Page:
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Paracord jigs: which one fits me best?

Paracord Jigs are ideal for tensioning your Paracord knotwork and making your work easier. But which jig is the right one for you?

Three good Paracord jigs are the SpeedyJig® Plus, the wooden jig and The Jig by FSTS. I discuss these 3 jigs in turn and I conclude every section with advantages and disadvantages.

Only interested in the conclusion? At the end you can find an overview of the advantages and disadvantages for each jig (click on 'conclusion' in the table of contents).

1. De SpeedyJig® PLUS: a good start 

The name "SpeedyJig" already tells you what this jig is suitable for: namely quick and small knotting projects. Very suitable for making a Paracord Cobra bracelet for example.

SpeedyJig Plus Paracord

But don't be misled by the name of this jig. Projects that take longer to complete can also be made with this jig. Think for example of the bracelets of Cetus or Manny (Pull tight Paracord).

Making a dog collar of Paracord or another longer knotting project on the SpeedyJig is difficult, as the jig is too small for this.

The small size of this jig has the advantage that it takes up little storage space. The jig is so small that it even fits in your backpack, ideal when your bus or train is delayed again!


Many jigs are equipped with a measuring system. However, many people do not use these measuring systems. This is because you are working with different sizes of closures and therefore you often do not start at the zero point with the knotting itself.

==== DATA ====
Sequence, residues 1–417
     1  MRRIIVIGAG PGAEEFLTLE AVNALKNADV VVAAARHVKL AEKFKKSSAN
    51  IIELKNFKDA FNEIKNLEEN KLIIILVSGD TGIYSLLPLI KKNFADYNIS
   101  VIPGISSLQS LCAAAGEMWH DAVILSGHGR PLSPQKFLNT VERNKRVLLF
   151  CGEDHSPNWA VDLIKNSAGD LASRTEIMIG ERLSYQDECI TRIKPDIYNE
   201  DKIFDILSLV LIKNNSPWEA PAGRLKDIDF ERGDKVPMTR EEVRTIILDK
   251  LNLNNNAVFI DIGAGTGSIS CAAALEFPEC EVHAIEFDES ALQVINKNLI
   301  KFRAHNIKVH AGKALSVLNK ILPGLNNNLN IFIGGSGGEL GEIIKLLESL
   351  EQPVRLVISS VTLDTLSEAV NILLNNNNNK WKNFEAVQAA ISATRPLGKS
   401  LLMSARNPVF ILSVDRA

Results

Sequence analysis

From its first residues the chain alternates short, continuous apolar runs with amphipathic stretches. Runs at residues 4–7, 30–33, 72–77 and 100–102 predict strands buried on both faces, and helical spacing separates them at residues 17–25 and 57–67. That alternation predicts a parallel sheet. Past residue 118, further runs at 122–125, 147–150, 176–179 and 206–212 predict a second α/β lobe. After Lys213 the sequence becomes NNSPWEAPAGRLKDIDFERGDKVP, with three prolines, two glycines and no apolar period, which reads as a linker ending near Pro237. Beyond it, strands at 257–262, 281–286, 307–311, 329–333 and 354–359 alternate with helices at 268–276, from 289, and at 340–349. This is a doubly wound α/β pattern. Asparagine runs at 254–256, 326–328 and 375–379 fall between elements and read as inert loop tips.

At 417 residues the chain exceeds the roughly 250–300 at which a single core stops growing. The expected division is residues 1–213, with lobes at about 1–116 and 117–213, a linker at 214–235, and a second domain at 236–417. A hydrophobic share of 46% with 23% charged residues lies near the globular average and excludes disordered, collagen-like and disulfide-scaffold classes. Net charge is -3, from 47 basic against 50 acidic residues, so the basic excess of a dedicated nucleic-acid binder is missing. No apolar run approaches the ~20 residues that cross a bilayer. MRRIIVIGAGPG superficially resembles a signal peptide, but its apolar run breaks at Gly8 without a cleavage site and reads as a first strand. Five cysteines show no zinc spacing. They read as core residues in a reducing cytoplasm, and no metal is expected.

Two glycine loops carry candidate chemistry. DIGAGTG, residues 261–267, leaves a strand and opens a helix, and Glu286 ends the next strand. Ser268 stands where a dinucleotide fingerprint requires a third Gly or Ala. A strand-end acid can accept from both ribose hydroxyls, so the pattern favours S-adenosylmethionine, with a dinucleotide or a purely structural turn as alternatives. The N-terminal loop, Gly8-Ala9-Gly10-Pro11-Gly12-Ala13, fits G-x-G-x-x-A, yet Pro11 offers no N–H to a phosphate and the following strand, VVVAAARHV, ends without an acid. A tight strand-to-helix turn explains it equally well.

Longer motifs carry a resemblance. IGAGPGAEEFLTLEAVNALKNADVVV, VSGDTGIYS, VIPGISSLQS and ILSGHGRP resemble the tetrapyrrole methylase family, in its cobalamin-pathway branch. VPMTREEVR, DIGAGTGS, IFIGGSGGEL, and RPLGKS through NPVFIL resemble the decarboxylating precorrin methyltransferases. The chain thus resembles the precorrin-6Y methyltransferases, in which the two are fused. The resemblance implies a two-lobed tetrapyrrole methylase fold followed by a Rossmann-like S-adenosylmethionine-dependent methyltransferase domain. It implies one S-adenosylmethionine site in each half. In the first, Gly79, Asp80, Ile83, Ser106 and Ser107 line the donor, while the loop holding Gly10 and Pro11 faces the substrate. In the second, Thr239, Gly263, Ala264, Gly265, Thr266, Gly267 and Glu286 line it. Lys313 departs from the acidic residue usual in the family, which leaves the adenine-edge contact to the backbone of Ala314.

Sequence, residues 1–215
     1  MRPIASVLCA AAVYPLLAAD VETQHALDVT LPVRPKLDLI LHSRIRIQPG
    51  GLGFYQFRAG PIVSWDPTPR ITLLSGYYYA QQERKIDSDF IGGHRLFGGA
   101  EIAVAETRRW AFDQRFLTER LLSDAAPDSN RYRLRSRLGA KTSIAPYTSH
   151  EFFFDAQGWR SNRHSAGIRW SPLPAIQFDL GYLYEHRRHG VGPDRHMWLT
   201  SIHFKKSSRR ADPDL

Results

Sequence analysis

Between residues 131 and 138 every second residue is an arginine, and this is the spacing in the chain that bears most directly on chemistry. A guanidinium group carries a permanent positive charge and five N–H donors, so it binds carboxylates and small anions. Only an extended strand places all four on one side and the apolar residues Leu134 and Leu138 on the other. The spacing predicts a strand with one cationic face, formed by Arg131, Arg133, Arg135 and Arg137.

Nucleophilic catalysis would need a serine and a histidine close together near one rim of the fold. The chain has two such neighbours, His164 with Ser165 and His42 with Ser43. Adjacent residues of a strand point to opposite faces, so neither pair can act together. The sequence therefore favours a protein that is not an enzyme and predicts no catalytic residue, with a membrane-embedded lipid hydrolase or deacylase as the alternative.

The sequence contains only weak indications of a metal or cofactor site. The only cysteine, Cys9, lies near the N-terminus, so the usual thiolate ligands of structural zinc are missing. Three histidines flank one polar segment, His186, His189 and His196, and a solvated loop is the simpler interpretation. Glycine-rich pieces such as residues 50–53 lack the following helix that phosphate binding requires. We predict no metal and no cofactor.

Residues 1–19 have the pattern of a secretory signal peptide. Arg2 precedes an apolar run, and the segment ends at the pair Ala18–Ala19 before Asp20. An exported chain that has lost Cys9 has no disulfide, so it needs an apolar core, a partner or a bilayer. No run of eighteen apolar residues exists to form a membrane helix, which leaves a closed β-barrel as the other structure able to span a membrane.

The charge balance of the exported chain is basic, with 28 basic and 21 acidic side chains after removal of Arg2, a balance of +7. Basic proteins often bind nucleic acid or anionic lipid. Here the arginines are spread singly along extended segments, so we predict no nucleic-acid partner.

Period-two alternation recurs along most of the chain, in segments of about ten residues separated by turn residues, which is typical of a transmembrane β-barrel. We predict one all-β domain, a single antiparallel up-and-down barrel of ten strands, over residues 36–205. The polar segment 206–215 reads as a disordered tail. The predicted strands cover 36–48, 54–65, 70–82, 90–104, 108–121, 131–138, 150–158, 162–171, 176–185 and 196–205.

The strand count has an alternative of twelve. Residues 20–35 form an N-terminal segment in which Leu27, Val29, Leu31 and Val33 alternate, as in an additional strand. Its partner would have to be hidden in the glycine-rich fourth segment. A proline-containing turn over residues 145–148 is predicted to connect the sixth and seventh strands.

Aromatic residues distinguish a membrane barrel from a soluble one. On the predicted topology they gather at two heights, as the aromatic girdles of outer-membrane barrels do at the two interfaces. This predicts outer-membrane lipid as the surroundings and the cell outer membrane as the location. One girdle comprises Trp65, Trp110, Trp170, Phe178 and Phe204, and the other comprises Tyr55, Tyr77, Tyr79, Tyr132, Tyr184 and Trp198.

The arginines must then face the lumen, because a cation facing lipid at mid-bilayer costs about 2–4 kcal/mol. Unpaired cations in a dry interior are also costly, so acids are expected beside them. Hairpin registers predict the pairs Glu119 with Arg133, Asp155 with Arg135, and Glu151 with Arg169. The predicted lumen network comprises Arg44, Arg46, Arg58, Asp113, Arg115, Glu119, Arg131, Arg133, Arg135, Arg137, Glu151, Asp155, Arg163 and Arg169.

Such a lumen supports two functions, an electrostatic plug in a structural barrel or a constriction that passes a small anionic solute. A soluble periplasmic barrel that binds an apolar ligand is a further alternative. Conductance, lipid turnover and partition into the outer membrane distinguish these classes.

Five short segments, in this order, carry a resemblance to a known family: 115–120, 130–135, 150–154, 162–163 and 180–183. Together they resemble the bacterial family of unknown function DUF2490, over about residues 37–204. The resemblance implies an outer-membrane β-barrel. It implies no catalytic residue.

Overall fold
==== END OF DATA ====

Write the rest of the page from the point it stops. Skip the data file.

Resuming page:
For jigs that are made specifically for making bracelets, such as this SpeedyJig, this is often taken into account. So the ruler of the SpeedyJig shows a starting point for the two most common closure sizes.

The two most common closure sizes for making bracelets are the 10 mm (3/8 inch) and the 15 mm (5/8 inch) closures. It is important to note that this jig has a ruler in inches, not in centimetres.

Monkey’s fists

SpeedyJig Plus making a monkey's fist with ParacordBesides the fact that this jig is compact, it has another big advantage. Not only can you knot Paracord bracelets on it, but Monkey's fists as well. This knot is so called because it looks like monkey fists squeezed together. 

This knot is made by placing a small ball in the middle of a knot and then tightening the knot. This ensures that you get a round shape. With the SpeedyJig, it is possible to hold the ball in place and then tie the rope around it.


This jig has a number of useful features in addition to its small size. At the bottom, for instance, there are 4 rubber caps that prevent the jig from sliding. This is of course ideal when you are working with the jig horizontally, for example on a table. 

I like to place my jigs between my legs or, when I am sitting on the couch with my knees up, to put them against my thighs. In the latter case, I would advise you to put a blanket or pillow against your stomach so that the 'tab' that sticks out doesn't bother you.

The plates you attach the knotwork to are placed as far apart as possible, so that you can still knot a considerable length on a relatively small jig. The flat 'tabs' on these plates will fit in virtually any clasp, although a large clasp (such as a 25mm AluMax buckle) will slide.

Pros and cons

+ Compact, so easy to take with you
+ Lightweight, so easy to carry
+ Built-in ruler
- Not suitable for projects which (including closure) are longer than 38 cm